Event Date: 10 March 2015
Room C303, Granary Building,
Central Saint Martins,
London N1C 4AA
The London Graduate School presents:
The 2015 London Graduate School Bloomsbury Lecture
Professor Rosi Braidotti (Utrecht) – Vectors of Affirmation
Prof. Braidotti received a doctoral degree in philosophy from the Sorbonne in 1981, and has taught at the University of Utrecht in the Netherlands since 1988, when she was appointed as the founding professor in women’s studies. In 1995 she became the founding Director of the Netherlands research school of Women’s Studies. Braidotti founded the inter-university SOCRATES network NOISE and the Thematic Network for Women’s Studies ATHENA, and has held many prestigious visiting positions including Leverhulme Trust Visiting Professor at Birkbeck College in 2005-6, a Jean Monnet professor at the European University Institute in Florence in 2002-3 and a fellow in the school of Social Science at the Institute for Advanced Study in Princeton in 1994. Braidotti is currently Distinguished University Professor at Utrecht University and founding Director of the Centre for the Humanities.
Braidotti’s publications have consistently been placed in continental philosophy, at the intersection with social and political theory, cultural politics, gender, feminist theory and ethnicity studies. The core of her interdisciplinary work consists of four interconnected monographs on the constitution of contemporary subjectivity, with special emphasis on the concept of difference within the history of European philosophy and political theory. Braidotti’s philosophical project investigates how to think difference positively, which means moving beyond the dialectics that both opposes it and thus links it by negation to the notion of sameness. This is evidenced in the philosophical agenda set in her first book Patterns of Dissonance: An Essay on Women in Contemporary French Philosophy, 1991, which gets developed further in the trilogy that follows. In the next book, Nomadic Subjects: Embodiment and Difference in Contemporary Feminist Theory, 1994 (second edition, revised and expanded, 2011), the question is formulated in more concrete terms: can gender, ethnic, cultural or European differences be understood outside the straightjacket of hierarchy and binary opposition? Thus the following volume, Metamorphoses: Towards a Materialist Theory of Becoming, 2002, analyses not only gender differences, but also more categorical binary distinctions between self and other, European and foreign, human and non-human (animal/ environmental/ technological others). The conclusion is that a systematic ambivalence structures contemporary cultural representations of the globalised, technologically mediated, ethnically mixed, gender-aware world we now inhabit. The question consequently arises of what it takes to produce adequate cultural and political representations of a fast-changing world and move closer to Spinozist notions of adequate understanding. The ethical dimension of Braidotti’s work on difference comes to the fore in the last volume of the trilogy, Transpositions: On Nomadic Ethics, 2006. Here she surveys the different ethical approaches that can be produced by taking difference and diversity as the main point of reference and conclude that there is much to be gained by suspending belief that political participation, moral empathy and social cohesion can only be produced on the basis of the notion of recognition of sameness. Braidotti makes a case for an alternative view on subjectivity, ethics and emancipation and pitches diversity against the postmodernist risk of cultural relativism while also standing against the tenets of liberal individualism. Throughout her work, Braidotti asserts and demonstrates the importance of combining theoretical concerns with a serious commitment to producing socially and politically relevant scholarship that contributes to making a difference in the world. Braidotti’s output also included several edited volumes. Her work has been translated in more than 20 languages and all the main books in at least three languages other than English.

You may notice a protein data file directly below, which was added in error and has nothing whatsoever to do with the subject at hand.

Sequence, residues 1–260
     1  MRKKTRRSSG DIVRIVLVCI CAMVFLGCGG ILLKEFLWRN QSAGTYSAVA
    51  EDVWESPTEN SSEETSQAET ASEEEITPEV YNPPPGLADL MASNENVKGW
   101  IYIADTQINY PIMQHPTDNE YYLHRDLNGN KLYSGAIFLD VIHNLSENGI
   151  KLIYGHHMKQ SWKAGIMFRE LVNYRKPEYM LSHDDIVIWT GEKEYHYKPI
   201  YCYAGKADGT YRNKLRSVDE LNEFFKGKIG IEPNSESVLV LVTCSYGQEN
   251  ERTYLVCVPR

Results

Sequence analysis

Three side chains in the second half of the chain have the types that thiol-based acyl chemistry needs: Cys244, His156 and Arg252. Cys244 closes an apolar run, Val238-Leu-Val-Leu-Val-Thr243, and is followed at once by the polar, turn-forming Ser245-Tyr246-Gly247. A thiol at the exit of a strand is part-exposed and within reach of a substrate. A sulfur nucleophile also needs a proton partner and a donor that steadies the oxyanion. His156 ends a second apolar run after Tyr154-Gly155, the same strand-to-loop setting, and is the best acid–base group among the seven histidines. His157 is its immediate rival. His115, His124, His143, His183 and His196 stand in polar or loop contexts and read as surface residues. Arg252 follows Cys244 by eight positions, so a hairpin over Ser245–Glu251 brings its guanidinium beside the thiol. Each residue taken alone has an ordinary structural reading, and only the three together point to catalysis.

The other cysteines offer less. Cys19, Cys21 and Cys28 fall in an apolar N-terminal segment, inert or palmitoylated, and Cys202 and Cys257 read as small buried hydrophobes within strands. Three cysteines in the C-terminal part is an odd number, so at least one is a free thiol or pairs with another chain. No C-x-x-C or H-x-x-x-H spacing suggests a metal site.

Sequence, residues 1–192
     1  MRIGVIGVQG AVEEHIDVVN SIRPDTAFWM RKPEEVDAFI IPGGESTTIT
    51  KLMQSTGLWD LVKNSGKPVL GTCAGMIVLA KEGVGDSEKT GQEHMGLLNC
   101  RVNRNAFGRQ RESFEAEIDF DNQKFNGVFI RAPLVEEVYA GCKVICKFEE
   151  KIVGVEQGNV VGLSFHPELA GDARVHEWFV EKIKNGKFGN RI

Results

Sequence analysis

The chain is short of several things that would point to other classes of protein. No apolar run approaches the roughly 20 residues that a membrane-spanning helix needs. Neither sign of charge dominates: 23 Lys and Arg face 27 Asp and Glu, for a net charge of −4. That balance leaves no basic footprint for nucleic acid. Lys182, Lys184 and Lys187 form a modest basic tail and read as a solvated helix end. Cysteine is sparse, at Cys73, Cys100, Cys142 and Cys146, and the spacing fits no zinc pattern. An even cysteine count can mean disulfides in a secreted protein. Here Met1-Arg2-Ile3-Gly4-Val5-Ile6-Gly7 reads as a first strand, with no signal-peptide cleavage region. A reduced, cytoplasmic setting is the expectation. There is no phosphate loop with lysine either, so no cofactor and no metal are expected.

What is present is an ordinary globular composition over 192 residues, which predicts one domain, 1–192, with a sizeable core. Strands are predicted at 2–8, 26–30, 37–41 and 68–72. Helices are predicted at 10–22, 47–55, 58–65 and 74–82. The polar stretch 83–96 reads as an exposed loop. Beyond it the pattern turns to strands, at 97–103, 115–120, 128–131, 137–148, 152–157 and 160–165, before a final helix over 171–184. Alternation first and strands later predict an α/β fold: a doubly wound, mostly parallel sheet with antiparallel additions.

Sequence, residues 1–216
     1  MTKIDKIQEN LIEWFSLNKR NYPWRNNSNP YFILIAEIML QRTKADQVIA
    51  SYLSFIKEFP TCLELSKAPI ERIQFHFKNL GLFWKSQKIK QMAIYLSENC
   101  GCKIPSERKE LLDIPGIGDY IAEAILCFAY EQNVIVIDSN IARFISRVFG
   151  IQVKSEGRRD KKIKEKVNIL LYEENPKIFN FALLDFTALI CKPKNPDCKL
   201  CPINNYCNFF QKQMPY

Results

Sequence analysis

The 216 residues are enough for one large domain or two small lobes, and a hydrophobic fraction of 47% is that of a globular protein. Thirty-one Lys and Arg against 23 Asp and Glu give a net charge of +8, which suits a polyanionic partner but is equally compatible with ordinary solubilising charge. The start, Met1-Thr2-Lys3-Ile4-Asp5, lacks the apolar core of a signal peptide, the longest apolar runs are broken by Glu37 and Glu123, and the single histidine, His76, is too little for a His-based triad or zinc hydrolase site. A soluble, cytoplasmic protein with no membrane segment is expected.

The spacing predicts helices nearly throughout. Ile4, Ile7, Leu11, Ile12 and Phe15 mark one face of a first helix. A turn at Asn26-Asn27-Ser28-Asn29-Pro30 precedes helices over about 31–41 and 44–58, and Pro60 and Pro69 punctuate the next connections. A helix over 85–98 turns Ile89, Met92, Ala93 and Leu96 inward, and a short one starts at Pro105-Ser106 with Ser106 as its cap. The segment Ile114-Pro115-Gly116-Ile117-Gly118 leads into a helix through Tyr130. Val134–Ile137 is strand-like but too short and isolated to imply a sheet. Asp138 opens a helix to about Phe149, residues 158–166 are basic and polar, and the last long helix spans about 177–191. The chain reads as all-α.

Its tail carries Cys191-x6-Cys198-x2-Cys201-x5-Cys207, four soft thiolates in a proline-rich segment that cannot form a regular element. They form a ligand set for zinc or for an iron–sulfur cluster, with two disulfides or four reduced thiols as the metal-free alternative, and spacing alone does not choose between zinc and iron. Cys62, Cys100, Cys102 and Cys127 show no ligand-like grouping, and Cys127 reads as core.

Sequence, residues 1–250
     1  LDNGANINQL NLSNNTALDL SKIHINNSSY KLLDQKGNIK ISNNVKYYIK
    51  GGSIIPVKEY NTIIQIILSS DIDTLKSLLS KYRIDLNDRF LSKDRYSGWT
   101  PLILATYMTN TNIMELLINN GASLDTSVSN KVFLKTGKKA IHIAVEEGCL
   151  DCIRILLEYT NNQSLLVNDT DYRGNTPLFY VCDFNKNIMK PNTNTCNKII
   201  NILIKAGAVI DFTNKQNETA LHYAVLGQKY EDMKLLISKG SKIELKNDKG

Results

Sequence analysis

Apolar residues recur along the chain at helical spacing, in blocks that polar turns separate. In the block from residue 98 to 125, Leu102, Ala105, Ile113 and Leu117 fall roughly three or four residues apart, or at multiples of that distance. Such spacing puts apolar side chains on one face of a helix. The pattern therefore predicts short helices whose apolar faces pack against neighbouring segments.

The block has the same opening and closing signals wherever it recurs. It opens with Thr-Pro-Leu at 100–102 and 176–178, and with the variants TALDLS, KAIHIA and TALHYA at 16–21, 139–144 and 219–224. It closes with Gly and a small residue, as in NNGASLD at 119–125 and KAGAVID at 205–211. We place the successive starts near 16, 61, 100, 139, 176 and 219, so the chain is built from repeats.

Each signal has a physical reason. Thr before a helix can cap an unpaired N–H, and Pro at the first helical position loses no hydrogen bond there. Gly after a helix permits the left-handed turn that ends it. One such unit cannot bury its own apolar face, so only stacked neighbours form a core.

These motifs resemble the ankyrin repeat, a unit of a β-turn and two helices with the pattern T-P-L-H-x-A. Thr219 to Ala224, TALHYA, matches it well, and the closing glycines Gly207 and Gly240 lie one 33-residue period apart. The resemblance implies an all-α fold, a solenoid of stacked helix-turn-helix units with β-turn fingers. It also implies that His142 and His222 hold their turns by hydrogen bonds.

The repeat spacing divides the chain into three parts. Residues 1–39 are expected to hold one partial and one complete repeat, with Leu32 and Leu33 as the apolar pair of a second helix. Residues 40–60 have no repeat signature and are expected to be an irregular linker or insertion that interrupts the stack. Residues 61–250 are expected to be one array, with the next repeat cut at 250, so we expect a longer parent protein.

Introduction by Professor Tina Chanter (Kingston):